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arise as to whether a check or draft or note is good, and whether this payment satisfies the contract; a check may be good if cashed to-day, bad if presented to-morrow after the bank has failed. When a note is given in payment, there may be a question of fact whether the contract was discharged by the payment of the note, or whether the party accepted it as a new obligation or contract whose performance by payment would then discharge the original contract. A check bad at the time issued will not discharge the man who drew the check. It may be worth while to accept it as evidence of the debt even if there is some suspicion that it is not good, provided nothing better can be secured at the time. Tender. In some cases one of the parties refuses to accept the money payment offered, or he obstructs the performance by the other party of his contract obligations. The second party is thus forced to make a “tender ’’ of the money or of his services, or of goods, or whatever the contract calls for. Tender may be defined as attempted performance. Tender must observe exactly the terms of the contract as to time, place, and mode of payment. Money tender must be in legal tender, and change cannot be insisted upon, nor a receipt demanded ; the tender must be unconditional. Effect of Tender. A tender of goods, of services, of labor and materials, if refused, relieves the party making it of further obligations, and suffices either to allow him to prosecute or to defend the suit, as the case may be; evidence of the tender is of course essential. The tender of money does not release a debt or obligation, but does secure exemption from paying either interest or costs of suit, the various court costs, the latter being often a large item in a long contested suit, which is true also of interest. The lawyer's charges are not a part of the cost of suit; each party pays his own lawyer. Reasonable Time for Performance. As to the performance of a contract other than by money payment, a reasonable time will be allowed unless the time is specified, and even then, unless time is of the essence of the contract, rigid requirements may not be enforced. In a later chapter special attention will be given to the question of liquidated damages, or penalty, for non-performance as to time. Breach of Contract. A breach of contract may be either positive or negative, that is by repudiation or by failure. The repudiation or renunciation must be unequivocal and absolute, and must be acted upon by the other party, in which case the breach is complete and releases the innocent party from further performance. The repudiation must affect the entire performance, or the essential features of the contract. Any positive act which renders performance impossible by the other party to the contract has the general character of repudiation.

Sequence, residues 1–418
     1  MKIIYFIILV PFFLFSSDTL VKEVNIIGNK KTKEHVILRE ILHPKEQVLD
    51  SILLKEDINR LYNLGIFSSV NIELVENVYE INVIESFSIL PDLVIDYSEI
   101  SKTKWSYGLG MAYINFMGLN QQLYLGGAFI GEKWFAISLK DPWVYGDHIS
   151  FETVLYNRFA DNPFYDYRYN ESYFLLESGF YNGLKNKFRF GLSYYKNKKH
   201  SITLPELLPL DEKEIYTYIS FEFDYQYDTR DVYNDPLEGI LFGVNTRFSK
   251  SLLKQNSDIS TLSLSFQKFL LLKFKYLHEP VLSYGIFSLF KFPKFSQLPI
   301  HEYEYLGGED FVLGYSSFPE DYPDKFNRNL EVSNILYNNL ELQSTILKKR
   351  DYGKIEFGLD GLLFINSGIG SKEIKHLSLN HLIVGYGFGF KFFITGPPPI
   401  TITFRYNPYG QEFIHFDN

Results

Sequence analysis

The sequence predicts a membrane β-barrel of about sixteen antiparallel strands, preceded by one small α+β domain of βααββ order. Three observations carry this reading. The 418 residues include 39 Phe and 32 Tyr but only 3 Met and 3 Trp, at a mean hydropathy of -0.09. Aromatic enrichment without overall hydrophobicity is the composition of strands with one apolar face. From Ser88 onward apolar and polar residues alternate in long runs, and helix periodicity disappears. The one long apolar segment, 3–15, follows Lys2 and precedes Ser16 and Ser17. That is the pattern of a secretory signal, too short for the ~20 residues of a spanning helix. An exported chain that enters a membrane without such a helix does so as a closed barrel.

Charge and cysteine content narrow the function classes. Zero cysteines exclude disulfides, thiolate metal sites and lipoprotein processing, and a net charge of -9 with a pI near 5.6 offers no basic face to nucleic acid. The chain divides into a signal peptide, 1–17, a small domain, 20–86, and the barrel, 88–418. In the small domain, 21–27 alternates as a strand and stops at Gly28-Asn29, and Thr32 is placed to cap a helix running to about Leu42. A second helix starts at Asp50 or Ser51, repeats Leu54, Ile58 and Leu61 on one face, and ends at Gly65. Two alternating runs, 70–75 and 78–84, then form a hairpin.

Failure from Negligence. The breach may be, however, in the nature of a failure, the result of negligence or incompetence. The case here is less simple; sometimes the effect is to release the innocent party; sometimes it simply gives him the right to sue for damages after performance of his own part of the agreement. Through the action of law, bankruptcy of one of the parties is equivalent to a breach, and allows the other party to cancel the contract. Impossibility. Impossibility of performance, which may serve as a discharge, may proceed from the act of the other party; if this be intentional, directly or by implication, it is a breach of contract. If the impossibility results without the fault of one party and through some failure or neglect of the second party, not deliberate, not intentional, nevertheless it will act as a discharge. Similarly, if impossible of lawful performance, whether through later legislation or a change in conditions affecting the legal status, as through some judgment of a court affecting the parties or the subject matter, this serves as a discharge. If a thing essential to the performance (the subject matter) has ceased to exist, even though neither party is at fault, an impossibility is again created. When services are definitely personal, the death of the person renders the contract impossible, and frequently sickness or disability will work the same result. Discharge by Agreement. A contract may be discharged by agreement between the parties. Sometimes a provision contemplating this contingency is made a part of the original contract. Sometimes a new contract is made which by its terms supersedes the old. Sometimes the contract is set aside by a direct agreement that it shall cease to bind either. Sometimes a new contract is substituted for the old, or a modification of its terms is agreed upon. New Agreements. Whenever an additional agreement of any sort is entered into, great care should be exercised that such new agreement does not fail for lack of consideration. An agreement to receive less in payment than the contract specified, is void because without consideration; so is an agreement to receive an inferior quality of work or of goods. However, if less money, or a different quality of goods or work has already been accepted, it will not render the contract void. Sometimes provision is made in the contract that the contract shall cease to remain in force if, or whenever, one of the parties shall do a certain specified act, or shall fail to do some act, or on the occurrence of an event, or even at the option of one of the parties, provided that the option be not so sweeping as to make the contract altogether unenforceable against the other. Discharge in Writing. It is evident that it is wise to have a written agreement if a contract in writing is to be discharged; the evidence should be clear. A contract, even under seal, however, has been set aside by a later oral agreement to do so, when the oral agreement has already been executed. Nevertheless, when any contract is to be discharged by a new contract or agreement, the latter ought to be of equal dignity with the original.